Female pilots blaze a trail in aviation

By Staff reporter Time of article published Sep 8, 2008

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The aviation industry is increasingly diverse, offering many opportunities for a promising career.

Nevertheless, the dearth of skills is a worry in the industry.

To address the shortage of pilots in the country, South African Express (Sax) has launched its own cadet pilot training programme.

The regional feeder airline selected eight cadets, three of them black women, for the programme.

They started their training recently.

The eight are Dennis Maposa, Tshepho Sello, Thozamile Wakaba, Mandlelandile Nodada, Shainil Giyapersad, Cebile Mndawe, Nonhlanhla Radebe and Lerato Mantambo.

The three women - Mantambo, Mndawe and Radebe - will become the first black female pilots to fly jet aircraft in January. They currently fly the smaller turboprop aircraft.

SAX chief executive Siza Mzimela said the three women were trailblazers and would help women gain a foothold in the male-dominated profession.

"Given the severe pilot shortages in the country, their qualification is even more welcome."

The three were asked several questions:

- How and why did you join the aviation industry?

Mantambo: My love for flying started when my parents took me to the Mafikeng Air Show. I was dumbstruck. When I finished high school, I knew what I wanted to do. I joined the Cape Flying Services in George. When I finished, I joined the Falcon Programme for the SA Air Force.

Mndawe: Passion and curiosity drove me into the aviation industry. At first I was curious to know what kept these big machines in the sky and what kind of people flew them. I applied for a job as an air hostess. While I was working as an air hostess, I studied for a private pilot's licence.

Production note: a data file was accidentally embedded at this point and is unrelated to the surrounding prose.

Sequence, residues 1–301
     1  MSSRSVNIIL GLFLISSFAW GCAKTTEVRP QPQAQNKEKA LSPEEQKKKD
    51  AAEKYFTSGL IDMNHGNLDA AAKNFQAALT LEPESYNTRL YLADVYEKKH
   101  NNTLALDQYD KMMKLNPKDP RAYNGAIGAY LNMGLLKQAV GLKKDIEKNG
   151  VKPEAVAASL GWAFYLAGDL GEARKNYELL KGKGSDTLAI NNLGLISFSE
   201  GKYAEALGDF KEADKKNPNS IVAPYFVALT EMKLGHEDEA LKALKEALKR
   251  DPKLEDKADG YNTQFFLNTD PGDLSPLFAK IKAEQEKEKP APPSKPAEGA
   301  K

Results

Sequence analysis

Radebe: I lived in Lamontville, a township near Durban International Airport. I saw planes taking off and landing and I wondered what was going on in the cockpit.

Even though I wanted to study actuarial science, aviation was my first choice. I just didn't know how to get in. After conducting some research, I came across the 43 Air School at Port Alfred.

My parents had no money. My father said if that was what I wanted to do, he would take a loan against our house so that I could realise my dream.

From there the sky was the limit.

- What did you know about pilot training before you joined the programme?

Mantambo: I knew that to become a pilot, one had to undergo intensive training, take flight lessons and fly a certain number of hours, first with an instructor and then alone. After that, more training was required.

Eventually you move to the first officer's seat and then the captain's seat.

- How is your training structured?

Mantambo: SAX presents interested pilots with two options - the Cadet Mach 1 programme and the Cadet Mach 2 programme.

Mach 1 is a course for the cadets who have few or no flying hours.

Mach 2 is for previously disadvantaged individuals who are fully qualified commercial pilots but can't find employment. We are in the Mach 2 programme.

- Why are more women not considering flying as a career?

Mantambo: The main problem is that few women consider the profession. People still find women a novelty in the male-dominated world of aviation. I tell people I'm a pilot and they say: "Oh, really?" like I'm kidding.

Mndawe: The media image of flying is another deterrent. I think there tends to be the Tom Cruise thing, where flying a plane is seen as being a macho thing to do. I encourage any woman to consider flying planes - it is a brilliant and fulfiling career.

- What do you like most about aviation?

Mantambo: Aviation is a lifestyle. It's not a career. Every day is different, and more importantly, you are always closer to the Creator.

- What advice do you have for young girls who might want to fly?

Mantambo: If you decide you want to fly for a living, do it for the passion of flying.

Radebe: If you have that drive and passion, then nothing will stop you.

Mndawe: If it's in your heart, you will know it and you'll be able to realise your dreams.

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